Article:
NEW YORK (Reuters) - U.S. women's national soccer team co-captains Alex Morgan and Megan Rapinoe said they were shocked after their team's claims for equal pay were dismissed by a court.
The duo, who helped the U.S. to a record fourth World Cup title last year, said they planned to appeal the decision, after a California judge on Friday threw out the players' claims that they were underpaid in comparison with the men's team.
"This decision was out of left field for us," said forward Morgan, appearing on a remote live feed on the Good Morning America programme https://www.goodmorningamerica.com/news/video/megan-rapinoe-alex-morgan-vow-fighting-equal-pay-70485238 on Monday. "We are fighters and we will continue to fight together for this."
The World Cup-winning team's long-running feud with U.S. Soccer has been a very public and bitter battle and the players had been seeking $66 million in damages under the Equal Pay Act.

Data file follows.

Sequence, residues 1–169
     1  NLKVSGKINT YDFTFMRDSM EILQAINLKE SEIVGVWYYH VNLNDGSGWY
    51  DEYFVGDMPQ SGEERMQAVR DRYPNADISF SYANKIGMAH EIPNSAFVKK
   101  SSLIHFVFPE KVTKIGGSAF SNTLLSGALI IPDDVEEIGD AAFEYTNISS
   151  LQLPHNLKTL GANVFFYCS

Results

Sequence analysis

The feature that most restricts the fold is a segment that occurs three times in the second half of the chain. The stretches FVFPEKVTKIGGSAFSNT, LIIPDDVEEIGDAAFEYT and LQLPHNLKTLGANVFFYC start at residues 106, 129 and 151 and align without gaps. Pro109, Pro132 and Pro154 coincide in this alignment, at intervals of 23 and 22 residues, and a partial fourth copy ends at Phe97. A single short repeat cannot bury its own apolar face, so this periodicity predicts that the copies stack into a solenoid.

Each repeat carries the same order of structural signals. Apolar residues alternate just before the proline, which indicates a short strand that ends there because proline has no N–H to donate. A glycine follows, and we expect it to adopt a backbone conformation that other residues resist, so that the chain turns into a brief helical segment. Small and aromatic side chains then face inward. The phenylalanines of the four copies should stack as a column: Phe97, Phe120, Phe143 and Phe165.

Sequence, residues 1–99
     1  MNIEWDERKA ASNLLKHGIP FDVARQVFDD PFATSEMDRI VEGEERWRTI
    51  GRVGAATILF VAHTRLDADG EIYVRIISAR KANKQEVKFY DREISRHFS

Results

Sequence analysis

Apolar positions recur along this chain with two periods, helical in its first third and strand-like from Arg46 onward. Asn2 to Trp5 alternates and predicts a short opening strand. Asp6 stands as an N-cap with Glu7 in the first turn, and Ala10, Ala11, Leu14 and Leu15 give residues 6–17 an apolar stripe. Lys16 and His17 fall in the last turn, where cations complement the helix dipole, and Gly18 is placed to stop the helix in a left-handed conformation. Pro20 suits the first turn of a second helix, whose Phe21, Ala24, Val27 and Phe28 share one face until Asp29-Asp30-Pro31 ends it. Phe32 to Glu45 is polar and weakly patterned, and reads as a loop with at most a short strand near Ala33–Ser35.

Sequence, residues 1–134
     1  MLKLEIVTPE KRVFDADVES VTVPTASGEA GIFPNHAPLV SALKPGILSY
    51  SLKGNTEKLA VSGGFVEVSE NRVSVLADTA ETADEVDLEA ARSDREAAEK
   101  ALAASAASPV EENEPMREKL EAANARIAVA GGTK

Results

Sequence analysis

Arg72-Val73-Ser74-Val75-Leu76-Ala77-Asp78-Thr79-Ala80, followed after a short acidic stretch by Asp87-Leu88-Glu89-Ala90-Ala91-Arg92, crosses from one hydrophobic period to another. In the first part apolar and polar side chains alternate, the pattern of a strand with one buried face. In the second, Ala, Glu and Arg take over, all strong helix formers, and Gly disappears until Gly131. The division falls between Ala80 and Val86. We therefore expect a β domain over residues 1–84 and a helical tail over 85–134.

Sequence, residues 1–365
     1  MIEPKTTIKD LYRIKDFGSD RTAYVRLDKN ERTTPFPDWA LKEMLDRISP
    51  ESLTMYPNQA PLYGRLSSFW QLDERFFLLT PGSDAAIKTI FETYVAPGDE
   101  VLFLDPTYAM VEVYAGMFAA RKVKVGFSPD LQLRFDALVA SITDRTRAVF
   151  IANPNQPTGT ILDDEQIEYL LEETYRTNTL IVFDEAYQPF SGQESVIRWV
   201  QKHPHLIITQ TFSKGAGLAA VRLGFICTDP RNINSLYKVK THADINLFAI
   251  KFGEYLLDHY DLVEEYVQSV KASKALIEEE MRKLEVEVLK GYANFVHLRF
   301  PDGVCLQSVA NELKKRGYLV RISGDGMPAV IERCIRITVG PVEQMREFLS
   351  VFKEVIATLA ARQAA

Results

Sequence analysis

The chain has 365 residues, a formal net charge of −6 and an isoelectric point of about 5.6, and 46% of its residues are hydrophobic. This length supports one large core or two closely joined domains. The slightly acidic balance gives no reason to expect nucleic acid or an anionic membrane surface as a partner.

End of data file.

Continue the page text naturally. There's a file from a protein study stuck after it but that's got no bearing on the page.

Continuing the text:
"The WNT (Women's National Team) has been paid more on both a cumulative and an average per-game basis than the MNT (Men's National Team) over the class period," the court said in its summary judgment.
Last year's Ballon d'Or winner Rapinoe said she questioned the logic of the summary judgment.
"If I earn one dollar every time I play and a man earns three dollars, just because I win ten games and he only wins three games - and so I make 10 dollars and he made nine dollars - I'm not sure how that's me making more money," she said.
The court allowed complaints of unfair medical, travel and training to proceed to trial, which is scheduled to begin June 16.
Some of the players' high-profile backers, including women's sports pioneer Billie Jean King and presumptive U.S. Democratic presidential nominee Joe Biden, leapt to their defence after news of their legal setback broke.
"Don't give up this fight. This is not over yet," Biden wrote in a tweet to the team on Saturday, then telling U.S. Soccer: "Equal pay, now. Or else when I'm president, you can go elsewhere for World Cup funding."
(Reporting By Amy Tennery; Editing by Christian Radnedge)